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Additive Manufacturing

Additive Manufacturing materials laboratory


The additive manufacturing is rapidly changing the production and design of the components used by the industry. This is a technology capable of creating discontinuity in the production and design of components.

The feasibility of complex geometries, the lightening of the components, the use of particular and specific chemical compositions also for small productions, the topological optimization of the distribution of the material, the availability of spare parts in a short time ... are just some of the opportunities opened by additive manufacturing.


What kind of support does the laboratory provide for this technology?

There are different areas in which the laboratory analyses are involved both in the development phase and for the production quality control.

The chemical composition of the metal powder and the controls on the degradation of the composition during the subsequent re-use of the powder cycle after cycle are an example. For instance, the phenomena of increasing of the content of N (nitrogen) and O (oxygen) in titanium alloys due to the several re-uses of the production powder are known. The control through the inert gas fusion technique (ASTM E1019) allows the determination of the content of N and O and the prevention from the re-use of powders that have exceeded the acceptability limits.

The physical characteristics of the powders such as granulometry (ASTM B214), flowability (ASTM B213) and apparent density (ASTM B212) are also subject to variations during repeated use of the powders. The analyses of these parameters are carried out in the laboratory, in accordance with the cited standards.



The metallographic examinations can highlight the structure at a microscopic level of the material and eventually identify detrimental or undesired phases (eg Alpha case in Titanium alloys) or detect and measure the presence of porosity. Compliance with the project specifications can be demonstrated with the analysis of sacrificial samples taken from the same production batch of the components produced.



The additive generation process involves both an inhomogeneous temperature distribution, a condition suitable for generating residual tensions, and the creation of "supports" which will be subsequently removed by altering the overall equilibrium of the component. Therefore, the need to proceed with the measurement of residual stresses arises. This can be performed either with non-destructive methods using X-ray diffraction technology, or with minimally invasive methods using strain gauges rosettes and the "hole drilling" method.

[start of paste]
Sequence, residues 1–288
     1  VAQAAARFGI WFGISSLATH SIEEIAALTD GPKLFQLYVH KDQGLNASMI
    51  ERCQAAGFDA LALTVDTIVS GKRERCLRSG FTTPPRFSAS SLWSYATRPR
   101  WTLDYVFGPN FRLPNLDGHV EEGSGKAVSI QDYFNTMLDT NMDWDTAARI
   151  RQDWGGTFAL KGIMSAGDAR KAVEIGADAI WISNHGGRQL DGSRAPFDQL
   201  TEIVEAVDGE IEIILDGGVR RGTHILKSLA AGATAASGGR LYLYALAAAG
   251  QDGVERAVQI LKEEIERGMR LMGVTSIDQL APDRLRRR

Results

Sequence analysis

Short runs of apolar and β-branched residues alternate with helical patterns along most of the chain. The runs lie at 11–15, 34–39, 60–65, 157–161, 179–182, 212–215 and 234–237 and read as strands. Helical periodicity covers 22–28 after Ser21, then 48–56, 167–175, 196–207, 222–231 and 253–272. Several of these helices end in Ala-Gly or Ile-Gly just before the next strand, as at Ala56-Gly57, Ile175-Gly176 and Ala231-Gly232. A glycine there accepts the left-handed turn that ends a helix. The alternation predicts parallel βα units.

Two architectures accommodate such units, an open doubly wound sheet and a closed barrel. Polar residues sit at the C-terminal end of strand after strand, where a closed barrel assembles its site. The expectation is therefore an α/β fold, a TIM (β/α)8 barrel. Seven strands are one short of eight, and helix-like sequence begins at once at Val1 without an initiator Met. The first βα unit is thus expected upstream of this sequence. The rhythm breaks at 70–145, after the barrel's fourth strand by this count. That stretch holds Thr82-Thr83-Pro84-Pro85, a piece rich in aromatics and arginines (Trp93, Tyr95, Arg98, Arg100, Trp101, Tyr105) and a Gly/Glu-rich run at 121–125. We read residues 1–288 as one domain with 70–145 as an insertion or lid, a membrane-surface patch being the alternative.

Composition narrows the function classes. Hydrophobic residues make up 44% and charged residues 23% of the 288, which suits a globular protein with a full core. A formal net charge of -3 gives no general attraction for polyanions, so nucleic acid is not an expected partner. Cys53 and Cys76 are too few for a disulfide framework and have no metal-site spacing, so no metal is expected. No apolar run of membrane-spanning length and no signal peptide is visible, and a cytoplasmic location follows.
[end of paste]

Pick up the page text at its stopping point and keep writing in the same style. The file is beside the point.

Finally, the mechanical resistance to fatigue stresses is the greatest challenge for additive production materials. The possible presence of microporosity and the surface conditions (in the as-built conditions) deriving directly from the additive production process, generate phenomena that alter the resistance to fatigue or creep of the materials, compared to products obtained through the traditional production methods and subtractive machining.
For this reason the materials are subjected to static and dynamic resistance characterizations.

Axial or rotary bending HCF (High Cycle Fatigue) tests stress the materials for long periods and for many millions of cycles, at operating temperatures (ASTM E466). Furthermore, low-cycle fatigue resistance tests (LCF) are performed in deformation control (ASTM E606) at room temperature or at operating temperature. In this case a lower number of cycles corresponds to a greater mechanical stress; the cycles can foresee sinusoidal or triangular load waves; alternatively, trapezoidal waveforms at high temperature will effectively simulate the combined effects of fatigue and creep on the material.



Static fracture mechanics tests or Fatigue Crack Growth Rate tests (ASTM E647) to measure the advancement speed of a crack under controlled deformation conditions are also performed in the laboratory.

A summary of the recommended mechanical tests for materials produced with additive technology is provided in ASTM F3122 (Standard guide for evaluating mechanical properties of metal materials made via additive manufacturing processes).

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Last Update: 23/03/2023